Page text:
Note: The NIH T32 continuing application for our training program is currently under review; therefore, we are not currently accepting applications for CCHD pre- and post-doctoral fellows at this time. Please continue to check for updates to our website in November.
The CCHD includes core features of our 25-year program that have proven to be invaluable experiences for our former trainees, such as intensive research apprenticeships with mentor faculty, participation in the CCHD proseminar and class, and guidance from an individual advisory committee. In recent years, we have expanded the program to include a formal professional development series as well as an Individual Development Plan and evaluation process. To ensure that all trainees are well-grounded in the principles of Developmental Science, we formalized and extended a foundational seminar in the first semester. Trainees augment core training activities with individually-tailored elective activities that include professional development consultation with program directors, workshops and training forums offered by the CDS, classes within our institutional partnership, special emphasis groups (e.g., an early career writers’ group, a forum for ethnic minority faculty and postdoctoral scholars, journal clubs), and inter-institutional/ national/ international training forums, conferences, and collaborations.
Core Components of training include:
- Research apprenticeships
- A Developmental Science seminar
- The CCHD seminar series
- A professional development series
- Creation of an Individual Development Plan
- An advisory committee
Individually-Tailored components of the training can also include:
- Professional development consultation
- CDS workshops and training forums
- Inter-institutional coursework
- Inter-institutional training events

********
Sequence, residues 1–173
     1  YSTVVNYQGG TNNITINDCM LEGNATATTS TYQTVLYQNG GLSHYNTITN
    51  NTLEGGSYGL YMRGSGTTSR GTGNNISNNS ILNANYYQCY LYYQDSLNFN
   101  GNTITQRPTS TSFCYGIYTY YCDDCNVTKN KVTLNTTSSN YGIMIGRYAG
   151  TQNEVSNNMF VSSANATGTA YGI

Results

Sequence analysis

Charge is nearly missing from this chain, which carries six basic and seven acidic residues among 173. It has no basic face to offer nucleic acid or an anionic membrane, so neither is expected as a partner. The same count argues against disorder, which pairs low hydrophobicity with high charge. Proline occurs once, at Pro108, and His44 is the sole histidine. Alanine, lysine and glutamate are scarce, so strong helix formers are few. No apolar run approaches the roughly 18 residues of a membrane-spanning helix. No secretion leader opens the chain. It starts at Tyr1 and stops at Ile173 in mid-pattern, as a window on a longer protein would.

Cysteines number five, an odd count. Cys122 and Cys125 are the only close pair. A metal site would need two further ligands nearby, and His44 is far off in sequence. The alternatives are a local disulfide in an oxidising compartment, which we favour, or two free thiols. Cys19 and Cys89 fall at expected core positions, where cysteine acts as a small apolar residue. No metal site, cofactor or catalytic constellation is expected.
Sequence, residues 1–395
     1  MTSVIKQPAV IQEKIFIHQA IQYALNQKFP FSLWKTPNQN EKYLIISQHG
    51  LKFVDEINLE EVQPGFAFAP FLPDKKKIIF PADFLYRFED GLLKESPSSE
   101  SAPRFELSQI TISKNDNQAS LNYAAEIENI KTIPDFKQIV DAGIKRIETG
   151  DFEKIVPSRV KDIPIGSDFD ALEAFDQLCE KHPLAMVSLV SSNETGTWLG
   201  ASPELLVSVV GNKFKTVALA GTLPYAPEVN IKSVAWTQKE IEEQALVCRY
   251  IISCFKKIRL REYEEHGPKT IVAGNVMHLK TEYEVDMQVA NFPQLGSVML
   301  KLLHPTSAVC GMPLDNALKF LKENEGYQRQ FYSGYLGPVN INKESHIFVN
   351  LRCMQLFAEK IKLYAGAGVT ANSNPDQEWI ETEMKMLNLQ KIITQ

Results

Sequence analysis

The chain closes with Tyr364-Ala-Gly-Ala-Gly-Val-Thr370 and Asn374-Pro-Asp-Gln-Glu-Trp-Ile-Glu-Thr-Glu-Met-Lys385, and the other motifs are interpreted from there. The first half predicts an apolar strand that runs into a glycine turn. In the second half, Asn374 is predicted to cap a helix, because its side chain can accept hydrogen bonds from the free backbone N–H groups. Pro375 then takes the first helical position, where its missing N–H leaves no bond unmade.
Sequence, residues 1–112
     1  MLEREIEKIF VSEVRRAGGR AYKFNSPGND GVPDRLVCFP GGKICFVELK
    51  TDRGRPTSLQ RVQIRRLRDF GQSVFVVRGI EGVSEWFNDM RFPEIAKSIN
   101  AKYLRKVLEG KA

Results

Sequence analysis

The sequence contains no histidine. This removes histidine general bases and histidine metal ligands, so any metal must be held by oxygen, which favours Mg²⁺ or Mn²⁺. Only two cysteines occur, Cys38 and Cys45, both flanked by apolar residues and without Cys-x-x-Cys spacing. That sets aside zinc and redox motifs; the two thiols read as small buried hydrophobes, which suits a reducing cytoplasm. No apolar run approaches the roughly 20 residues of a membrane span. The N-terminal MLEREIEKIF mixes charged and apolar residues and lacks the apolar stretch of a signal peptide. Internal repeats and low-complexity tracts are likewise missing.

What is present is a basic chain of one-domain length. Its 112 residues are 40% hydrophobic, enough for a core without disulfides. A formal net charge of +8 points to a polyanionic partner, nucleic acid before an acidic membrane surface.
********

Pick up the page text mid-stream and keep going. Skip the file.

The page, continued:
- National and International training forums
Research apprenticeships between trainees and mentor faculty are designed to offer mastery or depth in a focused area of study as well as multidisciplinary breadth that is integrated through a Developmental Science perspective. Postdoctoral trainees are admitted to work with a mentoring team that includes a primary mentor (typically offering mastery training in an area of shared research interest) and a secondary mentor (typically offering multidisciplinary breath). Given the challenges and necessity of accelerated productivity during the postdoctoral training period, we begin trainees’ research collaborations in a familiar area of research. We add depth to their discipline-specific knowledge and research skills during the first year as trainees become familiar with the mentor faculty, develop an IDP, and begin to collaborate with cross-disciplinary mentors with whom they may work more earnestly beginning in the second year of the fellowship. The cross-disciplinary collaborations offered by each mentoring team enrich the trainees’ theoretical perspective and research skills and serve as models for working in a transdisciplinary setting. Efforts to effectively and efficiently coordinate these collaborations are led by the primary mentor with guidance from the cross-disciplinary advisory committee and the training grant directors.
To provide an orientation and solid grounding in the Developmental Science perspective, we have added to the program a Developmental Science Seminar that all trainees attend during their first semester. This seminar includes an overview of the Developmental Science perspective as well as guest speakers from the mentor faculty who explain the connection between their ongoing research and the Developmental Science perspective. Emphasis is placed on developmental concepts (e.g., trajectories, bidirectional influences, multilevel systems) and methodological strategies that allow for the application of these concepts to health.
The Carolina Consortium on Human Development proseminar is nationally recognized as an outstanding speaker series and classroom experience for trainees and is the intellectual cornerstone of the CDS. The speaker series is organized around current issues in Developmental Science by a CCHD faculty mentor and an inter-institutional and inter-disciplinary organizing committee that includes a postdoctoral trainee. Examples of recent CCHD topics include The Developmental Science of Health-Risk Behaviors, Getting the Social “Under the Skin”: Developmental Perspectives on Embodiment, Developmental Mechanisms in Racial and Ethnic Minority Children and Youth, and Causal Inference in Developmental Science. While at the CDS, national speakers meet individually and in small groups with CDS faculty and trainees throughout the day, providing an invaluable opportunity for trainees to obtain consultation, advice, and feedback on their work from leading Developmental Scientists in the country. Local and national speakers have a professional development lunch with select trainees before the speaker’s presentation and then meet with those enrolled in the consortium class after the presentation.